The document addresses sea-level rise and the effect it has on California’s costa; infrastructure.
CALIFORNIA— The California Coastal Commission released the Public Review Draft of the Critical Infrastructure At-Risk Sea-Level Rise Planning Guidance for California’s Coastal Zone on Aug. 16 for a six-week period of public review and feedback.
The critical infrastructure report is a guidebook for local government, community activists, asset managers, and other officials and members of the public, that provides scientific information and planning challenges to infrastructure that come with sea-level rise.
“What we are looking for specifically, is there something in this report that isn’t there that would improve the report, are there sections that readers of the report feel could be clarified, [and] is there science that needs more explanation,” said Donne Brownsey Vice-Chair for the California Coastal Commission. “I think we really tried to write it not just for the local government and asset manager users but also for the wider public because these conversations about sea-level rise and how we are going to plan for our community are going to be community conversations and discussions because it really is about how is our coastal community going to plan for and become resilient in time to sea-level rise.”
The report is meant for communities to educate themselves on the impact and consequences of sea-level rise and to allow those communities a head start on changes that could be expensive and
“The commission wanted to assist communities in understanding the background of sea-level rise, the challenges,” said Brownsey. “[And] provide them with a model policy with case studies with re-
sources from different government agencies both state and federal that could provide important information that communities need to educate themselves surround and utilize for the purposes of de-
sign and planning successful projects.”
The commission used a variety of different scientific databases, including a report that was just recently published by the United Nations that said that sea-level rise has nearly doubled since 2006, in order to create the document and assess the risk that coastal communities could face.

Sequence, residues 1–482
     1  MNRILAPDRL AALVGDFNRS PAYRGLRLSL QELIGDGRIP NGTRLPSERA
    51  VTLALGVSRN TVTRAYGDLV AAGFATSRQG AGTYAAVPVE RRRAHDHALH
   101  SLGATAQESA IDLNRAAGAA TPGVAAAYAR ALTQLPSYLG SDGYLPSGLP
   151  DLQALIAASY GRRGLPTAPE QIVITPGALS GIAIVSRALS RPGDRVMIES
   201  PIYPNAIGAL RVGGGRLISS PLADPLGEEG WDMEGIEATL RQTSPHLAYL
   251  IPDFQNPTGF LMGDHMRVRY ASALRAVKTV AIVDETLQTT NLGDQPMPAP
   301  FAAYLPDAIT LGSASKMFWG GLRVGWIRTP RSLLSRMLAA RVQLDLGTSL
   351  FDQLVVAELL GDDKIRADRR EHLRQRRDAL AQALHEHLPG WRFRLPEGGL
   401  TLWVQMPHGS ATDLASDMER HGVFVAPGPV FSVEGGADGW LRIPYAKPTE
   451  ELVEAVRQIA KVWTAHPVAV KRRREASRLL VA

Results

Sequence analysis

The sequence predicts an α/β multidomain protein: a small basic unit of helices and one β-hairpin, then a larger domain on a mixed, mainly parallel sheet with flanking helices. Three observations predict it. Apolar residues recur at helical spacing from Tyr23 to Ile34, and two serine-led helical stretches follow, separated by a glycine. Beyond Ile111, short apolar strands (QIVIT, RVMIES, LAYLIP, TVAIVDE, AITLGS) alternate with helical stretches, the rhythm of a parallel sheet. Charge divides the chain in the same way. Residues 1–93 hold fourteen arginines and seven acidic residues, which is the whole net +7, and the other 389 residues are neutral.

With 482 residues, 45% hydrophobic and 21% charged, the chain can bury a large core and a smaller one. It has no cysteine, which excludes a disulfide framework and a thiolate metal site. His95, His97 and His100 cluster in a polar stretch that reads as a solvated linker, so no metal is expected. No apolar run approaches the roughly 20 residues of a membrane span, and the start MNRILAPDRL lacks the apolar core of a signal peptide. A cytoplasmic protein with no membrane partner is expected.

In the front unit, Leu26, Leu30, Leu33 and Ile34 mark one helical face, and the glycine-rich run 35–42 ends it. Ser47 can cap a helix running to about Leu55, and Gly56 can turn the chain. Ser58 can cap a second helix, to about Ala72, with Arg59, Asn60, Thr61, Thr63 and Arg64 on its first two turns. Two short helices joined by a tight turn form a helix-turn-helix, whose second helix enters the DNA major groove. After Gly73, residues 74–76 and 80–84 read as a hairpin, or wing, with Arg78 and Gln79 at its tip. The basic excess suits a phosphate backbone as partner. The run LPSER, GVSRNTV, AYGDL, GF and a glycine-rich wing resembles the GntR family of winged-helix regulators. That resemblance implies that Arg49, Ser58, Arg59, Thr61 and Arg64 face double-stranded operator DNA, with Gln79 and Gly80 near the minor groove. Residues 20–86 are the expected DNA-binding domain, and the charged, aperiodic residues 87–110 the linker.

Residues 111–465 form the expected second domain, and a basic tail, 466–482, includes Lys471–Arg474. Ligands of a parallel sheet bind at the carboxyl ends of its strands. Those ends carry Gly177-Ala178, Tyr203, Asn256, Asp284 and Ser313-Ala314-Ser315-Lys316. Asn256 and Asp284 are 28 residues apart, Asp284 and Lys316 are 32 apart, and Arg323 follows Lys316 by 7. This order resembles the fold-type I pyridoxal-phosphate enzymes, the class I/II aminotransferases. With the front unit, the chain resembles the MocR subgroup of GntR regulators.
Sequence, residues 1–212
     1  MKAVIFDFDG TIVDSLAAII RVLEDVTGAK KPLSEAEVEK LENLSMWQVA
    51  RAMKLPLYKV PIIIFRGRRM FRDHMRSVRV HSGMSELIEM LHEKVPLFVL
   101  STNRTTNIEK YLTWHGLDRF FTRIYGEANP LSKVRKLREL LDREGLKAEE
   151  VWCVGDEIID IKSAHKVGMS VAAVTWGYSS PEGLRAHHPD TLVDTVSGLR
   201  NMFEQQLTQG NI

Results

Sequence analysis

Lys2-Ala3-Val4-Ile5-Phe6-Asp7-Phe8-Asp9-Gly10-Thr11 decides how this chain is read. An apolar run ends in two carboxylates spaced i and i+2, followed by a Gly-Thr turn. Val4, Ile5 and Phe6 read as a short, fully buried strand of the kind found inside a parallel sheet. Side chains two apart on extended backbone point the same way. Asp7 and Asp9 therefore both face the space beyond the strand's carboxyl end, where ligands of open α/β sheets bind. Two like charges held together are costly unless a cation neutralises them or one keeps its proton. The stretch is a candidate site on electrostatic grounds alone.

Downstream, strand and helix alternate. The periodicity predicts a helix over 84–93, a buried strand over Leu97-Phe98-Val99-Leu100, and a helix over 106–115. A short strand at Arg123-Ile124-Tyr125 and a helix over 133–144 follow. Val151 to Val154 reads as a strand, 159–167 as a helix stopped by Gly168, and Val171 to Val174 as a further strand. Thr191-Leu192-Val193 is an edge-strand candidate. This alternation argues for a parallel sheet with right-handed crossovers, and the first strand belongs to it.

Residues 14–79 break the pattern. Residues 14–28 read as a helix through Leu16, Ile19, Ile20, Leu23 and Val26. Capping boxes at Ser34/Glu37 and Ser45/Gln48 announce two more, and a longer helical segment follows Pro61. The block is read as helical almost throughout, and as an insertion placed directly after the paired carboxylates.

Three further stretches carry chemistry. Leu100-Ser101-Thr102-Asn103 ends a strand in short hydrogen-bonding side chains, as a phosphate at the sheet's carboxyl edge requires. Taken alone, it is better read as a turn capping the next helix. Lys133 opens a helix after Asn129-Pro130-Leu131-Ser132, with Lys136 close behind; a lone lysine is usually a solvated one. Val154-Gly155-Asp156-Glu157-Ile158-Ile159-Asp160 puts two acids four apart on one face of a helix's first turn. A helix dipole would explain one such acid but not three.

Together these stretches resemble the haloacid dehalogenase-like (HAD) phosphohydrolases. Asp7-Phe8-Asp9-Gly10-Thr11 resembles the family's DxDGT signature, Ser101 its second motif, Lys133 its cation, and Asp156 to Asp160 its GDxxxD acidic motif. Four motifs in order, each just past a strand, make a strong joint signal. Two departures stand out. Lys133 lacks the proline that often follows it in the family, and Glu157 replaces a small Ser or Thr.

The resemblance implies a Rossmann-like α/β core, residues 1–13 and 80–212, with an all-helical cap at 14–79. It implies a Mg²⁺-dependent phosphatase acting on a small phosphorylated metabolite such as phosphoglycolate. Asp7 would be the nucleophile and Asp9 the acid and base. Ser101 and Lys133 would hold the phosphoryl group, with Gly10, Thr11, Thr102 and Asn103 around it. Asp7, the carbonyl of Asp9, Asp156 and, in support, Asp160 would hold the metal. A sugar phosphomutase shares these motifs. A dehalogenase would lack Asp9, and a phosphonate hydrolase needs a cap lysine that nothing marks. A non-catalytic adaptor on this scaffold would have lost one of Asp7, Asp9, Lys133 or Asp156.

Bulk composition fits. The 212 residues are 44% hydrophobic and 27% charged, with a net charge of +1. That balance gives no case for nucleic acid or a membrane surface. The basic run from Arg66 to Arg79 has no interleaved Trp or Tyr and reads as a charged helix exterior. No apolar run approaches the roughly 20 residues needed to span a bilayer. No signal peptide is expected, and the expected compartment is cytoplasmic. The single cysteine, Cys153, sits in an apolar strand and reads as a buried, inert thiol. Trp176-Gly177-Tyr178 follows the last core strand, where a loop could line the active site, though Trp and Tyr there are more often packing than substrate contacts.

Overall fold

The CCC has a team of staff that are working with local governments, cities, ports, and counties to understand the
grant programs that are available to them to implement the changes.
“What we are looking for and we are really encouraging jurisdictions to you know get involved and get engaged with
us,” said Brownley. “…We will work with local governments every step of the way through this process.”
Brownley said that we’ve already seen coastal flooding in certain areas and the sooner that communities can work together to have those difficult conversations about sea-level rise the sooner the communities will be able to prevent the effects of catastrophic flooding.
“It’s a lot you know this report but I truly believe that this is such a significant and important resource for local government to start really challenging conversations,” said Brownley. “It is my hope this will along with our grant program will really produce some extraordinary effort from our local government partners to
develop innovative programs that show what kinds of different models of adaptation in order to create coastal communities I have faith in the ingenuity of and the diligence of these entities to really get their arms around this right now I think there are some places where people are feeling overwhelmed or not wanting to
really dive into this but we really want to encourage folks to you know to learn more and start the process.”
The report will be out for six weeks before being brought back in for a review period by staff and then will be presented to the CCC in final form for the commission to adopt the plan.
For more information see www.coastal.ca.gov.